A new bill would expand the field of misdemeanor offenders in California subject to a temporary ban on firearms ownership. Notably, the proposal would extend the prohibition to include a number of nonviolent firearm- and ammunition-related offenses.

Since 1990, state law has prohibited individuals who commit violent misdemeanors in the Golden State — such as assault, battery, and threatening a witness — from owning a gun for a period of 10 years from the time of conviction. SB 347, which passed the state Senate in June after its introduction by Democrat Hannah-Beth Jackson, would trigger the ban on a number of new offenses, including dealing handguns without a license, selling ammunition to a person under 21 years of age, supplying ammunition to a prohibited person, bringing ammunition onto school grounds, and petty theft of a firearm. It would also impose the same penalty if an individual were to violate a 10-year ban they had already begun serving, in effect restarting the clock if he or she were not compliant. While many of the misdemeanors can lead to an extended firearms prohibition under current law, the new law mandates the 10-year ban.

“If you’re careless with your guns, irresponsible with your guns, it makes sense that a logical consequence would be a temporary prohibition,” Amanda Wilcox, legislative chair for the Brady Campaign in California, which is backing the new bill, tells The Trace.

Prohibitions for misdemeanors are grounded in research that shows low-level violent offenders are more likely than other groups to commit more serious violent crimes in the future. A 1998 study led by Dr. Garen Wintemute found that “handgun purchasers who had more than one prior conviction for a violent offense were 10 times as likely to be charged with new criminal activity, and 15 times as likely to be charged with murder, rape, robbery, or aggravated assault, as were those with no prior criminal history.” The study also found nonviolent misdemeanor offenders to be at an increased — though substantially lower — risk for later violent offenses.

Nearly all of the new bill’s provisions were included in a 2013 state Senate measure focused on keeping firearms out of the hands of alcohol abusers, who have also been shown to be at increased risk of firearm-related crime and violent crime. When that legislation reached his desk, Gov. Jerry Brown vetoed the measure, saying that he was not persuaded that it is “necessary to prohibit gun ownership on the basis of crimes that are non-felonies, nonviolent, and do not involve misuse of a firearm.” It wasn’t until the following year that gun safety groups and legislators, spurred by a separate change in state law, embarked on a fresh push to qualify nonviolent firearms offenses for the ban.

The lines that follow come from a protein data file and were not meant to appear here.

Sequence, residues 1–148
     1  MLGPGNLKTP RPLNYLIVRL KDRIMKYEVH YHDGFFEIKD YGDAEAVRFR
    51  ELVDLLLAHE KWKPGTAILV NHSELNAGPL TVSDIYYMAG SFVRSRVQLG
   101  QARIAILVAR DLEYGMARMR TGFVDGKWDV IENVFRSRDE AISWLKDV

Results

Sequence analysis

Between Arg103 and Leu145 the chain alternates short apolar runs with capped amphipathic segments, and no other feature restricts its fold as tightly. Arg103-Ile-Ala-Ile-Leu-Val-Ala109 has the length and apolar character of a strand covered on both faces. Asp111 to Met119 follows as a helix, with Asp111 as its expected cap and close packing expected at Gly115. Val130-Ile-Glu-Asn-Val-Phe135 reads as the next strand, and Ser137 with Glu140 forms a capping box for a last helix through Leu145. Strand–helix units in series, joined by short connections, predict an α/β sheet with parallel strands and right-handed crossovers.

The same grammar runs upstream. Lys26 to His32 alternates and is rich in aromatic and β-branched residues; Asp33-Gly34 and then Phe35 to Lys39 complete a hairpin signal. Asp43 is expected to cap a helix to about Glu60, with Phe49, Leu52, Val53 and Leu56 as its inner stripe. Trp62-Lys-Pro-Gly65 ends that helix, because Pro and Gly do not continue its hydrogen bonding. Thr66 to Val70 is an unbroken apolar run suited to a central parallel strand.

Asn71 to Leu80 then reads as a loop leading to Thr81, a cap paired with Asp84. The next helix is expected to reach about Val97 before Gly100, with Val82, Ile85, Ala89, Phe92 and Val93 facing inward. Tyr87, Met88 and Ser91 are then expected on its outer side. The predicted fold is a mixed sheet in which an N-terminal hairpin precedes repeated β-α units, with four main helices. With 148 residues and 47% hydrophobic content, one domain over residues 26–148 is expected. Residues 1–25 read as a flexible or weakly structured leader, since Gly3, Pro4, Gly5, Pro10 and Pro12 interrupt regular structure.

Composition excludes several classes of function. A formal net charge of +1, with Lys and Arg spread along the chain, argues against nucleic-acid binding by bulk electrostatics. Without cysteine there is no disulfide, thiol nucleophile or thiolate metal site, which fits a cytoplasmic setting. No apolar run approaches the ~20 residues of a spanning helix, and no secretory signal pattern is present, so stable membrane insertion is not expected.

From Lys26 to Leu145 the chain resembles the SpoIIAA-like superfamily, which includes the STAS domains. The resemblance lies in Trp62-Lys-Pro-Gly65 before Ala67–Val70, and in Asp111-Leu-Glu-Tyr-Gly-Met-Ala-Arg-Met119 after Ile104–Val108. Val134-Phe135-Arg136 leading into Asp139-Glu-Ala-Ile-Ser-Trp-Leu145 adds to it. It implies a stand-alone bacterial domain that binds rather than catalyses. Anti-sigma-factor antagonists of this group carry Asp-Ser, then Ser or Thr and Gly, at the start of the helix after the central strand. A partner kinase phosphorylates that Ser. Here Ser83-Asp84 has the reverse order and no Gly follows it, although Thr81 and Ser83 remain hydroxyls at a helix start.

California’s Proposition 47, passed by voters in a November 2014 referendum, mandated that a number of low-level, nonviolent crimes known colloquially as “wobblers” — treated as either misdemeanors or felonies at a prosecutor’s discretion — be reclassified as misdemeanors only. It was an attempt by the legislature to curb patterns of harsh sentencing and reduce the state’s bloated prison population. One of those offenses was petty theft of $950 or less, which popped on gun safety groups’ radar for a particular reason: Many handguns cost less than $950.

“Petty theft is the reason we even started with this bill,” says Wilcox. “With that proposition having passed, someone can steal a gun and still not be prohibited [from owning one]. And so we said, okay, they’re a misdemeanor now — that’s what the voters decided — let’s at least add a 10-year prohibition to that offense.”

The National Rifle Association and other gun-rights groups argue that the new bill could criminalize responsible gun owners. “It’s possible that some of these prohibitions could entrap innocent, otherwise lawful gun owners who give or lend firearms or ammunition to relatives without knowing California’s requirements,” reads a post on the website of the gun group’s America’s 1st Freedom magazine. (The NRA and its California legal counsel, C.D. Michel, did not return a request for comment.)

But the bill’s backers point out that it does not create new crimes — it only adds prohibition as a penalty for existing ones — and the data is clear: Nonviolent, misdemeanor firearm offenders, like their violent counterparts, are more likely to commit violent crime and crimes with firearms later on. The California Senate has found that to be sufficient justification for banning these groups from owning guns for a fixed period. It will be up to the California State Assembly and the governor to agree with them if it is to become law. The legislative deadline for having the bill taken up and approved by the lower chamber is September 11, at which point Brown would have a month to sign or veto it.

[Photo: Flickr user Jeff’s Canon]